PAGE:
As the new Onsite office receives its final details, more and more attention and history are poured into every nook and cranny. It's that kind of attention Lewis will bring to the buildings and homes of our community.
The loose gravel had probably begun to dig in and dimple her shins as our superintendent sat on the chilly driveway, rubbing the last coat of wax in the finished door. I stood over her, trying to block out of the bright New Mexican mid-morning sun, snapping picture after picture of the fascinating last detail of the multiple day process that was perfecting the doors to Onsite’s new office.
She explained to me that in order to obtain the old-world Santa Fe look, something that I’ve come to describe as Imperial Spanish, that the doors had first been cleaned with mineral spirits. This removed any dirt or debris from the doors and also, opened its pores. As a woman who has spent most of my life trying to hide pores and imperfections in my own exterior, I found that odd. Lynn, our superintendent, explained that she wanted the pores to be opened so that the painstakingly chosen stain would seep deep in to the wood and change the color while not robbing the wood of its natural patterns.
The wax, our owner explained to me, is a soft coating, softer than Polyurethane. Highly synthetic and extremely flammable, Polyurethane sets into hard, almost candy coating. And of course our wax, a mixture of bees wax, carnauba wax and citrus oils, was nowhere near as TOXIC as common polyurethane coatings. Our owner later told me that this was the exact reason why our superintendent spent hour after hour on the chilly ground, going through her own version of Karate Kid (wax on, wax off).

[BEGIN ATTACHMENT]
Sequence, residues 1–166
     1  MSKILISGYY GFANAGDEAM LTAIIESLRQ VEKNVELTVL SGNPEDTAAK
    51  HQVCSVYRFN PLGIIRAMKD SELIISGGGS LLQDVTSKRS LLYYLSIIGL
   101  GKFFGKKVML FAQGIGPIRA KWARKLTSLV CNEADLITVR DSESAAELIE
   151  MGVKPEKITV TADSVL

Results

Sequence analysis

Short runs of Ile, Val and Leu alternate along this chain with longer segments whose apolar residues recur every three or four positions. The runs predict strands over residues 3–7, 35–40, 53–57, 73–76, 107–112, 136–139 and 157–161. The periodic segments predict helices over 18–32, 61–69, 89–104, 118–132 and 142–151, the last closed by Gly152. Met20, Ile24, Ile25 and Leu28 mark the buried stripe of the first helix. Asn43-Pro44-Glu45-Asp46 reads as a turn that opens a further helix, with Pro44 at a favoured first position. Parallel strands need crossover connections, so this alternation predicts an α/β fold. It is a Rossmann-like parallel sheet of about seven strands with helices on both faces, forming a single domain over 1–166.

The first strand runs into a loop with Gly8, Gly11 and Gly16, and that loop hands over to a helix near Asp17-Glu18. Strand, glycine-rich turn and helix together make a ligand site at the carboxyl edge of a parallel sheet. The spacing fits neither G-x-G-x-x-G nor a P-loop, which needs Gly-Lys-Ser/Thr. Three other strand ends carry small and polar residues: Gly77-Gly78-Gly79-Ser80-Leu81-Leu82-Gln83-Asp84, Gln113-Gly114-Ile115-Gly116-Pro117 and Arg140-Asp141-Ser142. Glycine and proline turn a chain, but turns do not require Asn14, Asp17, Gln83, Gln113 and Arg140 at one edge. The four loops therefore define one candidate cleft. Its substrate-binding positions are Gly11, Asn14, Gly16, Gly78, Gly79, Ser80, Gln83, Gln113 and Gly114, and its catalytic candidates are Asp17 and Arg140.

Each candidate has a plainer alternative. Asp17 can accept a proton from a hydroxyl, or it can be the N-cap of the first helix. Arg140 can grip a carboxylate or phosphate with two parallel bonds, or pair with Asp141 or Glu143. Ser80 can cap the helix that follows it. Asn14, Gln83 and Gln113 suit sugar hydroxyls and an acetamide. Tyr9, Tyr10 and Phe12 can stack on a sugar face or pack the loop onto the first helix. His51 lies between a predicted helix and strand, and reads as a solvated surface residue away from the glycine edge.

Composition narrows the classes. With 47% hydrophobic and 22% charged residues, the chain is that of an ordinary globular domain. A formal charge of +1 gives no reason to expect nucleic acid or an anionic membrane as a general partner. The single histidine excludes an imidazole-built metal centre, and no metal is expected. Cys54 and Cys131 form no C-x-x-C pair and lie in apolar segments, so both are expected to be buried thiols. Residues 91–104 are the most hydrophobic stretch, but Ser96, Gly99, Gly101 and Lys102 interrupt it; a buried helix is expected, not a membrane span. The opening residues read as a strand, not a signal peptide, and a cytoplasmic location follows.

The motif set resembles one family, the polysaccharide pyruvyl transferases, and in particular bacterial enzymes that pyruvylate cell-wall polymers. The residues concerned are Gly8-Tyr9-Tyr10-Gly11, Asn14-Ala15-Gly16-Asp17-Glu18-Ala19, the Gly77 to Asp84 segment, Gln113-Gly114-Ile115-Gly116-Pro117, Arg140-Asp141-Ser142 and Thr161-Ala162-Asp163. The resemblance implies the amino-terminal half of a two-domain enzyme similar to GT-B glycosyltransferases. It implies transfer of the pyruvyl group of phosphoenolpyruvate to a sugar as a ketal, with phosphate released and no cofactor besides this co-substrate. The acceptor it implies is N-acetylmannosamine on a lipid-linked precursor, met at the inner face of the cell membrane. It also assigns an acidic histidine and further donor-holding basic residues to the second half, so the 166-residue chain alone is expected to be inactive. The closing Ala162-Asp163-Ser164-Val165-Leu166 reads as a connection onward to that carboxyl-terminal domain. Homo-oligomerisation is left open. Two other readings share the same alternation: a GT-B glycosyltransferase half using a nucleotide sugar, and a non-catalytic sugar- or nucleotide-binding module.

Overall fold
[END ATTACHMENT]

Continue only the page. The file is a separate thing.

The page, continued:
“If you use Polyurethane, you have to use paint thinner to clean the brushes and tools you put it on with. That all runs into the sewage system and into the ground.” Our owner, Lew Lewis, explained to me. He, himself, has a home sustained by a well on his property.
Lewis is also a beekeeper and for the past several months, has struggled to keep his bees happy and alive, a common problem for beekeepers in areas that have high levels of development. If his bees have been visiting local water sources that have been contaminated by chemicals, such as Polyurethane, it could cause Colony Collapse, which in turn can drastically affect an entire area’s eco system.
“Waxing is one the oldest traditions in woodworking, and of course, bees wax has been around for forever. It dries hard. You can still wipe the door down with a Pledge wipe, but the wood can still breath. Poly just coats it and it loses something.”
“She’s also not breathing in a synthetic product.” Lewis said speaking of our superintendent who is also his daughter.
The wax we used for our gorgeous doors is also a green product and is VOC acceptable. Time consuming yes, but after seeing the finished product, I am now definitely a fan of wax sealing.
The stain set in a rich chocolate, slowly bleeding into a deep eggplant in certain places. Leaning against the creamy Venetian Plastered walls, the effect was dramatic and instantly gave the impression of tradition.
I INSTANTLY fell in love with them. Instead of a harsh shine, the wood almost glows, radiating with pride, and with each passing day, the color riches and the wood finds itself being continuously accentuated rather than unforgivingly preserved.
I have never been more exciting to move into anywhere than I am to move into THIS OFFICE!
How We Did It: step by step explanation to follow in published blog